1. Is one of the following constructions incorrect?
  2. If not, do they differ semantically in any way, even if only mildly so?

    • Sometimes, I bring my lunch to work with me.
    • Sometimes, I bring my lunch with me to work

Usually, I prefer fewer words between 'to' and its complement. However, I don't actually know whether, or how, the arrangement of the words affects the meaning of the sentence or whether some people regard some common arrangements as incorrect.

Edit: Although, thinking about it now, 'I bring' entails 'with me'; perhaps I should just write Sometimes, I bring my lunch to work.

Thank you.

  • 1
    I think the 'with me' is redundant in both and should be omitted. – DWin Dec 19 '13 at 20:34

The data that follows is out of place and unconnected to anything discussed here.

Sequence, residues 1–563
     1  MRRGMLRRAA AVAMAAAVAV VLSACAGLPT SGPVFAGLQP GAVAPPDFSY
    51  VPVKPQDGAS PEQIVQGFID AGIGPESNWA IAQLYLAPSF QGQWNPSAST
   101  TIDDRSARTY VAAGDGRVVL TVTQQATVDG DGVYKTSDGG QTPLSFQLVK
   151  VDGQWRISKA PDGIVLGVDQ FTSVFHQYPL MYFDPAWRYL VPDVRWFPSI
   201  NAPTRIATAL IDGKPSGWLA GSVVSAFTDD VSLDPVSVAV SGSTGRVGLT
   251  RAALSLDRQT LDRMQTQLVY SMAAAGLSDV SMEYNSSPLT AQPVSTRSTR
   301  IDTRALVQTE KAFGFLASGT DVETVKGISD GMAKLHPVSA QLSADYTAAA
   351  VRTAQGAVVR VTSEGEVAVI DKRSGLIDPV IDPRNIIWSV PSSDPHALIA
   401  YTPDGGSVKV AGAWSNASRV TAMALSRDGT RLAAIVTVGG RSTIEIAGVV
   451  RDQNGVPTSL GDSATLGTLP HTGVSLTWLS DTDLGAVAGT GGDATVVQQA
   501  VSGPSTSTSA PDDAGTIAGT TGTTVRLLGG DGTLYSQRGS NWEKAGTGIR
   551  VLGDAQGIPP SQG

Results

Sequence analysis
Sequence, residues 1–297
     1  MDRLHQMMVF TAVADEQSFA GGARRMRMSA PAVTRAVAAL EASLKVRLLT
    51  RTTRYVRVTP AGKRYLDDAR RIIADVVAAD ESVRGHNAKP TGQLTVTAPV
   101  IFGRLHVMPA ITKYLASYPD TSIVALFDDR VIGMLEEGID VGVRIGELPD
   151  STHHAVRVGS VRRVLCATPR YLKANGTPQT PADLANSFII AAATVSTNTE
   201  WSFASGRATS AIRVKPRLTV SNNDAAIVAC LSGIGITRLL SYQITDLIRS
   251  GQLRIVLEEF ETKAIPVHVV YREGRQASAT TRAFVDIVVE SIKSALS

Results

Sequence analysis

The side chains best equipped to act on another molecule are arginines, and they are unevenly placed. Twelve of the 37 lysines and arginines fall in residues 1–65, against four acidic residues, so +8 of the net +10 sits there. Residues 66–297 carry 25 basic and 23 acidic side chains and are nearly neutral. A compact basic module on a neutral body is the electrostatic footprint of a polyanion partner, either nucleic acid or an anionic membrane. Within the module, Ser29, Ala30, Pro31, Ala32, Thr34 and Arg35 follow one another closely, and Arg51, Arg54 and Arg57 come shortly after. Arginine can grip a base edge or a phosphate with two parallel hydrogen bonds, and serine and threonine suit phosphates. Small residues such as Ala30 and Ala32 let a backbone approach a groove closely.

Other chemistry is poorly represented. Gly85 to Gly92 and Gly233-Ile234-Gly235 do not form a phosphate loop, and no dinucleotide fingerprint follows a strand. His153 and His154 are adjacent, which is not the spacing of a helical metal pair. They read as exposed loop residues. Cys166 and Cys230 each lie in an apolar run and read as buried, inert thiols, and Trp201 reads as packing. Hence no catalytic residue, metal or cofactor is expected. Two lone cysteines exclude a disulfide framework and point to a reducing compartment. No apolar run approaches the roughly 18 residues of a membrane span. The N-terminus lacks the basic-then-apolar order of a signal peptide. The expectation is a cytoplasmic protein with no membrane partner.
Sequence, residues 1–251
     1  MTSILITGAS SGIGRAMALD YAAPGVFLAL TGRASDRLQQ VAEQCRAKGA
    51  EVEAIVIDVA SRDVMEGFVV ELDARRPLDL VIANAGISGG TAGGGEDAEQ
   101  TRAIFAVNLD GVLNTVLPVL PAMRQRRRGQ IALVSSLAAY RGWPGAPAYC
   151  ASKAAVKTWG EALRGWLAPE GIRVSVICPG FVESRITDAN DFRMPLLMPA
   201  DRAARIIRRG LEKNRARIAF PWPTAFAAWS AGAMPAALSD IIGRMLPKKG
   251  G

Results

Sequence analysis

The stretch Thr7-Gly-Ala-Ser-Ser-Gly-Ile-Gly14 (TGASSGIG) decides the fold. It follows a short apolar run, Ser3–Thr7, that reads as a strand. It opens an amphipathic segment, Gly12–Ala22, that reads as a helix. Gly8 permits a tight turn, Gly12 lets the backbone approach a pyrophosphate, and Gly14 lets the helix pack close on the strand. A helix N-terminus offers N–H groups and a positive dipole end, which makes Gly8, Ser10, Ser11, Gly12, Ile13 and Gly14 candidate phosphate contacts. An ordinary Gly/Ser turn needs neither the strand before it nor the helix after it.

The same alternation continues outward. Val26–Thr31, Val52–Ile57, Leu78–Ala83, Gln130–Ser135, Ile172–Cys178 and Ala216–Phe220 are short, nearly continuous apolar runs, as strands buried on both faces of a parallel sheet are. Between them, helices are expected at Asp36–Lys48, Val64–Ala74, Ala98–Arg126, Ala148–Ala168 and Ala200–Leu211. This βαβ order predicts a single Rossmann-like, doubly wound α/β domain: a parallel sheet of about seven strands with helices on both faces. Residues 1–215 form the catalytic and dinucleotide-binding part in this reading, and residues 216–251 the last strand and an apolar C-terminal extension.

• Yeah, agreed. I cut it out. – Hal Dec 20 '13 at 12:42

In the example you give, both phrases to work and with me are adverbial phrases modifying the verb bring. In this example, changing the word order does not create ambiguity, because neither phrase is likely to be misconstrued to refer to some other part of the sentence.

  • 2
    Yes; contrast: Tomorrow, I'm going to ask Danny to come to work with me / Tomorrow, I'm going to ask Danny to come with me to work. The latter, I'd say, will more probably be interpreted as Tomorrow, I'm going to ask Danny to come with me to do some work. – Edwin Ashworth Dec 19 '13 at 16:39
  • 1
    @EdwinAshworth Excellent point. But interestingly, the ambiguity is partly derived from the shift of to work from a preposition/noun phrase to an infinitive. – bib Dec 19 '13 at 17:06

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